UNITED STATES COURT OF APPEALS FOR THE THIRD CIRCUIT
September 28, 2012
UNITED STATES OF AMERICA
ABDUL KARIEM MUHAMMUD, A/K/A GERALD ROGERS ABDUL KARIEM MUHAMMUD, APPELLANT
APPEAL FROM THE UNITED STATES DISTRICT COURT FOR THE EASTERN DISTRICT OF PENNSYLVANIA (D.C. Crim. No. 2-07-cr-00062-001) District Judge: Honorable Timothy J. Savage
The opinion of the court was delivered by: Barry, Circuit Judge
Submitted Under Third Circuit LAR 34.1(a) September 13, 2012
Before: SCIRICA, ROTH and BARRY, Circuit Judges
OPINION OF THE COURT
Abdul Kariem Muhammud pleaded guilty pursuant to a written plea agreement in which he waived his right to appeal or collaterally attack the judgment of conviction. Nevertheless, more than two years after he was sentenced, Muhammud filed a notice of appeal. The government, mistakenly believing that he was appealing the denial of his § 2255 petition, moved to enforce the waiver but failed to assert the untimeliness of what was an appeal from the judgment of conviction. We are presented with the following questions:
(1) whether the government can initially raise untimeliness in its merits brief to us, or must do so beforehand by motion; (2) whether a court can raise untimeliness sua sponte when the government has failed to do so; and (3) whether, if the appeal is not dismissed as untimely, Muhammud has waived his right to appeal. Because the government properly raised untimeliness in its merits brief, we will dismiss the appeal and do not reach the other questions presented.
Muhammud was charged in a superseding indictment with conspiracy to distribute controlled substances, in violation of 21 U.S.C. § 846; possession of a firearm in furtherance of a drug trafficking crime, in violation of 18
U.S.C. § 924(c); and possession of a firearm by a convicted felon, in violation of 18 U.S.C. § 922(g)(1). On June 12, 2007, he pleaded guilty to all three counts pursuant to a written plea agreement that contained a waiver both of appeal and collateral attack of his conviction.*fn1 At the plea hearing, he acknowledged the waiver, and responded to the District Court's questions regarding the waiver. He was subsequently sentenced to 90 months' imprisonment, as stipulated in the plea agreement, and acknowledged at sentencing that his appellate rights were limited by the plea agreement. He did not file a notice of appeal within ten days of entry of the final judgment on June 27, 2008, as then required by Rule 4(b)(1)(A)(i).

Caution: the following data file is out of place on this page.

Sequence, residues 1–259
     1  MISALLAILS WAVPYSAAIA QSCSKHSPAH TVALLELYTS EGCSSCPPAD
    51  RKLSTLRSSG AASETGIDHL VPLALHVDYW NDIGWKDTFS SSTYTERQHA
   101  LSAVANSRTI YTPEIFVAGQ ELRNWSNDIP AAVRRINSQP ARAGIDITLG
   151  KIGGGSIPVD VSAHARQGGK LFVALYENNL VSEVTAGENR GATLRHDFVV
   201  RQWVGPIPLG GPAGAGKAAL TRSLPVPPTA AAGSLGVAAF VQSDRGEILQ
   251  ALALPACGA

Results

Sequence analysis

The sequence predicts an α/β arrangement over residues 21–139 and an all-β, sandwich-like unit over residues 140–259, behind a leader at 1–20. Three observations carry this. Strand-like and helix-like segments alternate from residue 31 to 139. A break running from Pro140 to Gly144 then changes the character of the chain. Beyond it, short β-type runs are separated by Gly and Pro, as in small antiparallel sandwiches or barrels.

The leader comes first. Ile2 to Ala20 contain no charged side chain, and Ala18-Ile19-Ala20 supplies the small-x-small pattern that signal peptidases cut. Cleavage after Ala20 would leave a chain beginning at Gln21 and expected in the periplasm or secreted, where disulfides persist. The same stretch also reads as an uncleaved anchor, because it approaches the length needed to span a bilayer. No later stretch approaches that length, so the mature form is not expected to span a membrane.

Almost a year later, Muhammud filed a pro se motion under 28 U.S.C. § 2255, asserting several bases of ineffective assistance of counsel. He argued that his petition should be heard, despite the waiver, because his guilty plea had been coerced by his attorney and entered under duress. On August 19, 2009, the District Court granted the government's motion to enforce the waiver and dismiss the petition after concluding that Muhammud had knowingly and voluntarily waived his right to collaterally attack his conviction and that upholding the waiver would not result in a miscarriage of justice. On September 22, 2009, Muhammud filed, pro se, a notice of appeal with respect to the order dismissing the § 2255 petition. We remanded the matter to the District Court to determine whether a certificate of appealability ("COA") should issue. The District Court denied a COA. We then denied Muhammud's application to us for a COA, finding that jurists of reason would not debate the District Court's conclusion that he knowingly and voluntarily waived his right to collaterally attack his conviction.
On June 11, 2010, Muhammud filed a notice of appeal from his judgment of conviction of two years earlier. The following month, the government moved to enforce the appellate waiver and for summary affirmance,*fn2 and the Clerk of the Court advised the parties of the timeliness issue. A motions panel referred the government's motion to the merits panel and directed that the parties also brief whether we may raise sua sponte the timeliness requirement of Fed. R. App. P. 4(b), an issue left open in Gov't of the Virgin Islands v. Martinez, 620 F.3d 321, 327 n.6 (3d Cir. 2010). The government now challenges this appeal as untimely and, failing that, as waived.
The time limit for filing a criminal appeal set forth in Rule 4(b) is rigid but not jurisdictional, and may be waived if not invoked by the government. Martinez, 620 F.3d at 328-29; see also Bowles v. Russell, 551 U.S. 205, 212 (2007). An untimely appeal must be dismissed, however, if the government objects. Martinez, 620 F.3d at 328-29.
Although we have not directly considered the issue, other courts of appeals have allowed the government to object to timeliness at any point up to and including in its merits brief. See, e.g., United States v. Watson, 623 F.3d 542, 548 (8th Cir. 2010); United States v. Lopez, 562 F.3d 1309, 1313 (11th Cir. 2009); United States v. Byfield, 522 F.3d 400 (D.C. Cir. 2008); United States v. Garduno, 506 F.3d 1287, 1292 n.7 (10th Cir. 2007). We agree with that conclusion. Because the government invokes Rule 4(b) in its brief, we must--and will--dismiss this concededly untimely appeal.*fn3
One final note. Although an objection to timeliness can be raised by the government in its brief, the government is strongly encouraged to file a motion to dismiss a criminal appeal as untimely at the outset of an appeal before the filing of the appellant's brief. Early identification of untimely criminal appeals saves both the government and CJA counsel the time and the costs associated with unnecessary transcript preparation, motions for extensions of time, and the preparation of and filing of full briefs.
We will dismiss the appeal as untimely.